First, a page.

High-Quality Emergency Operations Planning (EOP)
5.2 Annexes and Appendices
To review Section 1.4, there are two general types of supporting documents that increase the quality of EOPs for schools:
- Annexes – annexes may be functional or hazard/threat-specific and focus on the functions and specific actions that are critical to successful emergency response or recovery operations. Annexes are the second layer of the EOP.
- Appendices – appendices contain the implementing instructions that clarify the content of the EOP and provide additional detail where appropriate. Appendices are typically found at the end of an annex and are considered to be the third layer of a high-quality EOP.
Functional annexes focus on the critical operational functions and the subsequent courses of action developed to carry them out. As the planning team assesses the district’s needs, it may determine that functional annexes are necessary to address the complexities of response or to address functions that are common to the response to or recovery from all threats and hazards.
While these functions should be described separately, it is vital for the planning team to understand that many district functions will occur consecutively while others occur concurrently. For example, security functions are carried out at the same time, or concurrently, as lockdown functions. However, family reunification functions are typically addressed after, or consecutively, student accountability functions are carried out. While functions build upon the capabilities provided by other functions and often create an overlap of capabilities, it is not necessary to repeat a course of action in one functional annex if it appears in a second functional annex.
The following functional annexes should be considered when writing a high-quality EOP:
- Lock Out
- Personnel, Student, and Visitor Accountability
- Communications and Warning
- Family Reunification
- Continuity of Operations
- Public Health, Medical, and Mental Health
For specific information on the most appropriate considerations for each annex, the planning team may refer to the Guide for Developing High-Quality School Emergency Operations Plans, published by the U.S. Department of Education.
Hazard- and threat-specific annexes describe the courses of action unique to a particular threat or hazard. Courses of action outlined in a functional annex are not required to be repeated in a hazard- or threat-specific annex. The development of this type of annex is based on the prioritization of threats and hazard, as discussed in Section 3.1. When developing these annexes, the planning team must also consider the local, state, and federal laws and regulations that pertain to the specific hazard or threat being addressed.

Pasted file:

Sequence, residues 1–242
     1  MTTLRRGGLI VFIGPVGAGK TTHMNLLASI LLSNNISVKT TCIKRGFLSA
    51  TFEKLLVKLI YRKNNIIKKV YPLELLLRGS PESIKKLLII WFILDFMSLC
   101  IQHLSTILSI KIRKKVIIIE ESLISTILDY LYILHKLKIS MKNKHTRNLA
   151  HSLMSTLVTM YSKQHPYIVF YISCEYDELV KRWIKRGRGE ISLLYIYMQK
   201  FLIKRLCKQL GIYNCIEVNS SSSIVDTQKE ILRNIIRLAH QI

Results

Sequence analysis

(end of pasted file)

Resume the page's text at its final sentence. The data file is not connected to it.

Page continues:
Often, addressing the unique needs of a specific threat or hazard requires implementing the courses of action described in a functional annex. For example, if response to an active shooter involves sheltering-in-place, then the planning team would indicate within the Active Shooter annex for the reader to “see Shelter-in-Place annex” where appropriate rather than repeat the courses of action within the threat-specific annex.
Appendices, or implementing instructions, provide additional detail to the EOP that empower those with defined responsibilities to carry out those responsibilities and expected courses of action. While there is no definitive list of appendices required for a high-quality EOP, the nature of a high-quality EOP is directive, informative, and empowering and therefore implementing instructions should be included in all cases where additional information could be beneficial. The following appendices are commonly found in high-quality EOPs:
- Standard Operating Procedures (SOPs) – SOPs are step-by-step instructions compiled by a division, department, or administration to help personnel carry out complex routine operations. SOPs seek to achieve efficiency while ensuring uniformity and quality of performance. For example, many districts have a specific procedure for requesting funds and acquiring materials or assets.
- Maps – Maps provide a graphical representation of locations, hazard, and/or points of interest. Maps allow personnel to easily identify focal areas for conducting activities or points of concern due to hazards or threats. Maps effectively depict evacuation routes (including alternate routes), fire extinguisher locations, facility layouts, and other such information.
- Charts and Tables – Charts and tables enable personnel to quickly access important information. Commonly found charts and tables include telephone lists, lists or records or references, inventory logs, and the like.
- Forms – Forms provide a standardized approach to documentation and information tracking. Commonly used forms include purchase orders, purchase requisitions, medical treatment records, and personnel accountability records (i.e. attendance sheets and timesheets). The planning team may also create forms to support incident management. The mandate for schools to adopt the National Incident Management System (NIMS) further encourages the use of standardized Incident Command System (ICS) forms.
- Checklists – Checklists provide a list of things to be done or points to be considered and are commonly used to serve as a reminder to personnel as to the minimum requirements necessary to successfully achieve a goal. Common checklists found in high-quality EOPs include documentation standards for disaster recovery, procedural checklists for evacuation or facility re-entry, and other such topics.